By Tom Hatfield
As part of an effort to assess legislators’ views on the length of session, balance of power and roll call voting, citizen reporters from The Nerve are posing questions to lawmakers from around South Carolina. In the following, Citizen Reporter Tom Hatfield interviews Rep. Shannon Erickson, R-Beaufort:
Q: The S.C. legislative session is the longest in the Southeast and longest in the U.S. among part-time legislatures. Would you support shortening the legislative session to no more than 45 legislative days?
A: I would support shortening the legislative session. I do not have enough specific research at hand to speak to the exact numbers of days at this point but do realize that the length of session can be a deterrent for qualified people to run for office as well as simply using taxpayer funds in a responsible manner. There are many ways to shorten session; a bi-annual budget would be something I would like to explore as well as public broadcast of committee meetings so that the citizens can see this vital part of the process and how they are represented there.
Q: Because so much power is concentrated in the legislative branch, the leadership is therefore powerful through appointments to 250 plus executive branch boards and commissions. The Speaker of the House and the Senate Pro Tempore, alone, make more than 120 appointments to the executive branch functions. Do you believe there is an equal balance of power between the legislative, executive and judicial branches of S.C. state government?
A: There is certainly not an equal balance of power between the legislative, executive and judicial branches of government in our state but we are operating under a system and division of powers that were set and clearly defined by our constitution.
Q: How would you propose changing the current system?
A: I have voted for many different reforms in the past three years, in fact, the House has passed several key pieces of reform legislation only to have them not be successful in the Senate. I support the Governor and Lt. Governor being a joint election and I support Secretary of State, Superintendent of Education and Adjutant General being Governor appointed positions, just to name a few. I also would like to see the existing Gubernatorial appointments to various and sundry committees given high priority by continually filling openings and updating expired appointments. A few I am aware of have too few members to be vital or have so many long-expired members that attendance or even pertinent membership qualifications are not what they should be.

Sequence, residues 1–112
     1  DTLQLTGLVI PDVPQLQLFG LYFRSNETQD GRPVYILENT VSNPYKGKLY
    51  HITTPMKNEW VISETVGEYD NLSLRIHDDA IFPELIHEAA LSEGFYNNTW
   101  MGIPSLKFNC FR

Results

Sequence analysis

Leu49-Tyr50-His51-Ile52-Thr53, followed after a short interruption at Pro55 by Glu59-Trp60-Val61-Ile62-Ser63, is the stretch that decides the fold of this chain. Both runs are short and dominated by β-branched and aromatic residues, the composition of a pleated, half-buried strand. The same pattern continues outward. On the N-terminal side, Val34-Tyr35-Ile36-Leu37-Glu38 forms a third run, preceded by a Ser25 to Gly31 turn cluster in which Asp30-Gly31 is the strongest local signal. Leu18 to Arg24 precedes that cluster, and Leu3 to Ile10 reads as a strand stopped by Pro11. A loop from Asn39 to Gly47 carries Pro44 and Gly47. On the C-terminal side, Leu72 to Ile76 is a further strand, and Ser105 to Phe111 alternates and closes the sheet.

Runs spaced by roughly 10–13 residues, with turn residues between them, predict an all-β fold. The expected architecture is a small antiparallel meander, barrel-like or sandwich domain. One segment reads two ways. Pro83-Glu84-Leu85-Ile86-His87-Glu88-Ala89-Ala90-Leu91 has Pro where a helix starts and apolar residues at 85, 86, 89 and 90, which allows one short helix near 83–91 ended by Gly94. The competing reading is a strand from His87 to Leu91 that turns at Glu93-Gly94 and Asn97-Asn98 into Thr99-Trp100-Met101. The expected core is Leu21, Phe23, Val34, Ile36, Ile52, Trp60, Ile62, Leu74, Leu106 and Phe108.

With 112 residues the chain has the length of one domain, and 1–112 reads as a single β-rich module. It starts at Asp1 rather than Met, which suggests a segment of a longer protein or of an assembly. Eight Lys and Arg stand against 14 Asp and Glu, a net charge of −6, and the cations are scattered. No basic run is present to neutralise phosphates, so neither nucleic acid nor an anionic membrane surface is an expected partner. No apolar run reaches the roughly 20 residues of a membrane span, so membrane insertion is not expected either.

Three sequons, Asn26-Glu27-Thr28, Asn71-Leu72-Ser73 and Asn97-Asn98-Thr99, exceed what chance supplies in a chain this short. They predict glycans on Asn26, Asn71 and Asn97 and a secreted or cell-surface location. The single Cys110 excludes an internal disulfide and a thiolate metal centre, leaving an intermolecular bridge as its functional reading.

Q: Given that many of the legislative reforms citizens have asked for have not been implemented yet would you support a change in leadership?
A: In order to fully answer this, I need more information on what legislative reforms you refer to specifically and what leadership you are referencing. Without those, I have to state again that I am in favor of many reforms and have voted for several which have passed the House but not been successful as often in the Senate. In regards to leadership being responsible for implementation of reforms, I can only speak to the relationship I have currently with the Speaker, Bobby Harrell. I believe that he and I have an open and positive working relationship. We do not always agree but in the system we work in that is to be expected and is, in fact, part of the process. I believe, however, that we, the Members, have the responsibility to drive reform and make our feelings heard clearly and definitively to leadership.
There are other leadership positions that affect policy, however. Currently, I am a candidate for the House Majority Leader position for the upcoming 119th Legislative Session, so yes, I believe that we can improve. I respect current Majority Leader, Kenny Bingham, but would like to offer my organizational, communication and collaboration skills to this position.
Q: Would you let your constituents know who you will support before the actual vote for Speaker?
A: Of course, I am always communicating with my constituents and will share any information they would like to have.
Q: For the past two years the General Assembly has only recorded 25 percent of votes it’s taken. How would you propose improving the voting record in the House? Would you support a Constitutional amendment requiring recorded votes?
A: I support on-the-record voting and have been a co-sponsor on that legislation for the past two legislative sessions, in addition to voting for the House rule change regarding recorded votes. I will continue to support full disclosure of votes in our General Assembly.
In addition, I would like to see committee meeting votes recorded since all too often vital regulations which include fees, fines and user-charges make their way into law without a vote from the General Assembly at all. This hidden budget has long been a point of concern for me and I filed a bill last session requiring General Assembly votes on any agency regulations that add, change or increase fees, fines and charges on taxpayers. All too often, the only people who know that an agency is raising revenue are the committee members who read the tedious regulatory language or specifically ask about fees, fines and charges specifically.